At Ruswa's prompting, Umrao related her life to him over several sittings, and those narratives Ruswa committed to writing; it is even possible, as Susie Tharu has suggested, that Umrao Jan herself authored the work, but allowed its appearance under Ruswa's name. It is in Umrao's words, in any case, that the narrative was to find shape.
Whatever the authorship of the work, there is scarcely any doubt that Umrao had a large hand in the characterization of her own life. She had a command over words and her easy facility with poetry won her a following among the aristocratic literati of Lucknow: with her couplets she stole their hearts. Kidnapped by a ruffian who sought to exact revenge for the term he had served in jail on the strength of testimony given by her father, Umrao was brought to Lucknow, and eventually sold into the establishment of Madame Khanum Jan. It was at this house of prostitution that she was to live out the greater part of her life; it was there that she was transformed from Ameeran to Umrao. Luckily, her education was entrusted to a Maulvi who combined his refined tastes and not inconsiderable learning with a real affection for Umrao. "From the shapeless log of wood that I was," Umrao was to say, "he chiselled out a civilised being"; it was the Maulvi who endowed Umrao with the confidence that allowed her not merely to sit with cultured company but to "command the respect and attention of wealthy aristocrats" (p. 19). Most significantly, the Maulvi nurtured her interest in poetry until it had "developed into a passion", and that was the passion with which she was to etch the story of her life indelibly onto the social and cultural imagination of Lucknow.
As Khushwant Singh and M. A. Husaini, whose endeavors have brought Umrao Jan Ada to readers of English, point out in their introduction, Umrao Jan Ada conveys "a flavour of all that was Lucknow -- its language, its poetry and music, and the way of life of its citizens" (p. xi). This was the city that perfected the culture of the pan and where everyone aspired to be a poet. The very decadence of Lucknow was not merely aristocratic but inimitable: as Premchand was to suggest this culture in his short story, "The Chess Players", two nawabs continued to indulge their mad passion in chess as Lucknow fell to the British and their own wives became altogether disaffected with them.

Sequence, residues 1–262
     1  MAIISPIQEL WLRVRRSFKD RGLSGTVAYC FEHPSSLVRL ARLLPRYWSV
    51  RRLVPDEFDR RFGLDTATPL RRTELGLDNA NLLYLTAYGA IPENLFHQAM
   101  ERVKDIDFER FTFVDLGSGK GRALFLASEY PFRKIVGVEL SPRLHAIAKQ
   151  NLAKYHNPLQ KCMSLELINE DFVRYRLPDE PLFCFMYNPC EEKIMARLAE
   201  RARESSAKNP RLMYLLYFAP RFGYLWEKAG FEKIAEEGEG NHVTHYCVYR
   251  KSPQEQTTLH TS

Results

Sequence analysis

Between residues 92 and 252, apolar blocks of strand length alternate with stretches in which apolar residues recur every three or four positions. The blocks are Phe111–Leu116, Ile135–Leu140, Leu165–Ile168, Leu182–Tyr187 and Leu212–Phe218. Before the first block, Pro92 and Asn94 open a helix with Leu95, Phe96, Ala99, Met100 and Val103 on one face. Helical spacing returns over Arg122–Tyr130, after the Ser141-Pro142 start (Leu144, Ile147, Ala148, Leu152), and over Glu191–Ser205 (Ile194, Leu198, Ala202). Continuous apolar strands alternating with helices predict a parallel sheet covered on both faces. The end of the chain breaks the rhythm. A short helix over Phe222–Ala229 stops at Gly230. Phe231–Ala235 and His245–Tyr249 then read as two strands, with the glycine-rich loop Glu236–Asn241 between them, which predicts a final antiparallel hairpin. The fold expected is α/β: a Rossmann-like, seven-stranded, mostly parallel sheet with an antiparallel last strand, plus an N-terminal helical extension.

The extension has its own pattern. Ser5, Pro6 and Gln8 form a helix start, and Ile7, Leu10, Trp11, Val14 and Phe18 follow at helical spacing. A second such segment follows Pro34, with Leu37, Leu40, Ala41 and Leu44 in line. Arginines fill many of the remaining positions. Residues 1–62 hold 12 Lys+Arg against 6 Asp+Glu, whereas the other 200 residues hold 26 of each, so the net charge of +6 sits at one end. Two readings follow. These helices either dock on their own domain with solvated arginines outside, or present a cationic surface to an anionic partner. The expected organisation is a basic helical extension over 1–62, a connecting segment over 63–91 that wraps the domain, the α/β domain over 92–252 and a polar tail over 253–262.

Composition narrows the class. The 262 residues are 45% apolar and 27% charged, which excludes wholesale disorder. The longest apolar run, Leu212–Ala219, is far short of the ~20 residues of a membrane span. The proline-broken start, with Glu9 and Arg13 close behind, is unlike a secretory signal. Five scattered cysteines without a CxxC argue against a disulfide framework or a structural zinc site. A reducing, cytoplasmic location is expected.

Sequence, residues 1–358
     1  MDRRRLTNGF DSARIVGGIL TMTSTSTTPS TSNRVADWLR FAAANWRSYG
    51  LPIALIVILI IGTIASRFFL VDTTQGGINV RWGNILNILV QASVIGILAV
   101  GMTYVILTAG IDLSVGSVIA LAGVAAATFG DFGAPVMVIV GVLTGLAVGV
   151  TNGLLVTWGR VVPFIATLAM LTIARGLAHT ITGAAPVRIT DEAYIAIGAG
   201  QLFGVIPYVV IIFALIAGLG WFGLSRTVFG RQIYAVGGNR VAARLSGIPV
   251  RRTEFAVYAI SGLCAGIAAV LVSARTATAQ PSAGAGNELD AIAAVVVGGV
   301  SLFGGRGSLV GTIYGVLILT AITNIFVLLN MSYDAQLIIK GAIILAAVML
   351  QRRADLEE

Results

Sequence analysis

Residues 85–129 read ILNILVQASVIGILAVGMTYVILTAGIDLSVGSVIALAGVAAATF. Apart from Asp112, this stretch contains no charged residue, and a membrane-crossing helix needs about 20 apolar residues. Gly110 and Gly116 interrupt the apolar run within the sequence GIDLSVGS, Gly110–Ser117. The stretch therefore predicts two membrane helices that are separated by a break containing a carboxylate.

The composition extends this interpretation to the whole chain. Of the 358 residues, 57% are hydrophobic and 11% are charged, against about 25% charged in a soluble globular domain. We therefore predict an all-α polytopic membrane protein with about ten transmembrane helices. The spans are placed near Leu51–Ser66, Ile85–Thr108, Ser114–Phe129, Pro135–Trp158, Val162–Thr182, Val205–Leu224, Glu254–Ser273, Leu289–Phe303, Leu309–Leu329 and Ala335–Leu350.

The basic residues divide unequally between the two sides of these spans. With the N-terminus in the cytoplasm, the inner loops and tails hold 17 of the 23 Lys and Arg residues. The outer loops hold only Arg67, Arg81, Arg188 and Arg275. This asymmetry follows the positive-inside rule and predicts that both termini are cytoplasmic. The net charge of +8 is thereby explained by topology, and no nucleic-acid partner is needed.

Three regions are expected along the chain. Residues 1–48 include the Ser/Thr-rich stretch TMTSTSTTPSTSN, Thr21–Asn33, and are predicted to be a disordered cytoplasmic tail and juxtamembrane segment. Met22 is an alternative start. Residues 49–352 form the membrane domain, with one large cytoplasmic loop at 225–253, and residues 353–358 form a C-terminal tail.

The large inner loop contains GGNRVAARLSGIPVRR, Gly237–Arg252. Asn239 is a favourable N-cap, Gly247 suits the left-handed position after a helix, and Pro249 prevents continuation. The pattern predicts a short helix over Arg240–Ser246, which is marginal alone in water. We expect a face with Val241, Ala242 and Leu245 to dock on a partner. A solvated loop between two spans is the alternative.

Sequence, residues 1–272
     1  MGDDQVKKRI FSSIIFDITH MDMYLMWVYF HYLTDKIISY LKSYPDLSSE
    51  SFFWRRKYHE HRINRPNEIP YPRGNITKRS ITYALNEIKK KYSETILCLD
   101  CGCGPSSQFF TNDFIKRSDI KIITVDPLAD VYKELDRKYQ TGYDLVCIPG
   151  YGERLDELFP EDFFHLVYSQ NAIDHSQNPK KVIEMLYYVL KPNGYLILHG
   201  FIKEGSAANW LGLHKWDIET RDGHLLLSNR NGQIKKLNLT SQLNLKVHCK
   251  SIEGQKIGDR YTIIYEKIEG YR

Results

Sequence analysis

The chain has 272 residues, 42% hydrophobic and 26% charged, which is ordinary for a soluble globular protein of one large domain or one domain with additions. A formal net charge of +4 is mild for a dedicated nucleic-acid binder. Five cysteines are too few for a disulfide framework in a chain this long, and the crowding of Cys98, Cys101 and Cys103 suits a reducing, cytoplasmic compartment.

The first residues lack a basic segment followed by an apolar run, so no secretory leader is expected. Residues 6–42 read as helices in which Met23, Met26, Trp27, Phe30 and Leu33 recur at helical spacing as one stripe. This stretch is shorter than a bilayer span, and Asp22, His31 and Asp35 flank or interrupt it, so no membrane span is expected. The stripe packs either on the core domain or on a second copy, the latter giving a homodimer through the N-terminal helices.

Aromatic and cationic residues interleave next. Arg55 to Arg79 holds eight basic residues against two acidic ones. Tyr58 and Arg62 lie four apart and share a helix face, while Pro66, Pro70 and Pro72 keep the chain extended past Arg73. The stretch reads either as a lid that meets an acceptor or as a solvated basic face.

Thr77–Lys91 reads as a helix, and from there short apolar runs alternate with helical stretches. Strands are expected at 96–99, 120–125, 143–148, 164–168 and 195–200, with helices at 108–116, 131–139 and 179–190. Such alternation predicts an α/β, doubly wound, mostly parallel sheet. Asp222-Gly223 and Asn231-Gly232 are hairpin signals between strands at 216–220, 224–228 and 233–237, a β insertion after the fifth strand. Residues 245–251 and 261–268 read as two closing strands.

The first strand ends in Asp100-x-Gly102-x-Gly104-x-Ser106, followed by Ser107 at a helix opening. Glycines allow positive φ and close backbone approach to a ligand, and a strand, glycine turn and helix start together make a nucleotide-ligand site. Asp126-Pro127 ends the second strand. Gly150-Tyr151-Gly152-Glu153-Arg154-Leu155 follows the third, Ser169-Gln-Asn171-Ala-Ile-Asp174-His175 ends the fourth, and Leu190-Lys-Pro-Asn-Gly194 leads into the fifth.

Umrao Jan undoubtedly evokes some of the ambience for which Lucknow was renowned, but it is the complex characterization of Umrao and the life that she led which makes the novel memorable and significant. In Ruswa's rendering of Umrao, the courtesan is most candid about her profession: though it may well be a woman's desire to be loved, a desire that swells as she grows older, it is not given to a whore to live out this desire (p. 38). A tart's only friend is her money; she is no one's wife, and if she is foolish enough to give her love to some man, she does so at the considerable risk of jeopardizing her livelihood (p. 56). When Ruswa interrogates Umrao about the place of love in her life, she is quite forthright in her pronunciation of the view that in her profession "love is a current coin. Whenever we want to ensnare anyone we pretend to fall in love with him." As she adds, no man ever loved her, nor did she ever love any man (p. 59). While Umrao's relations with the Nawab Sultan appear to belie her own profession of indifferent engagement with men, her surrender could not have been complete lest her very livelihood should have been endangered, for where was the man who would openly risk his lot with her? A 'respectable' man had a home to which he could return, and a wife to embrace, but what was the net of safety around Umrao? Whatever her fame as a singer of laments and as a dancer who could entrance men as much by the style and substance of her poetic deliveries as by her movements, she would perforce be judged by the refinement of the pleasures that were hers to offer in bed. God might well forgive streetwalkers who repent, Umrao was to reflect, but "good women never" do so. They are "suspicious and contemptuous of women who go astray", for "however lovely a character" these good women may have, and however good housekeepers these women might be, they find to their great chagrin that men "will fall for a street woman who may have nothing in the way of looks, and may be wanting in all other qualities as well" (p. 119). Loathed by "good women", and reduced ultimately by their patrons and clients to tools of their pleasure, what could these courtesans, howsoever beautiful and talented, hope for by way of some secure place within the socio-economic and cultural fabric of Indian society?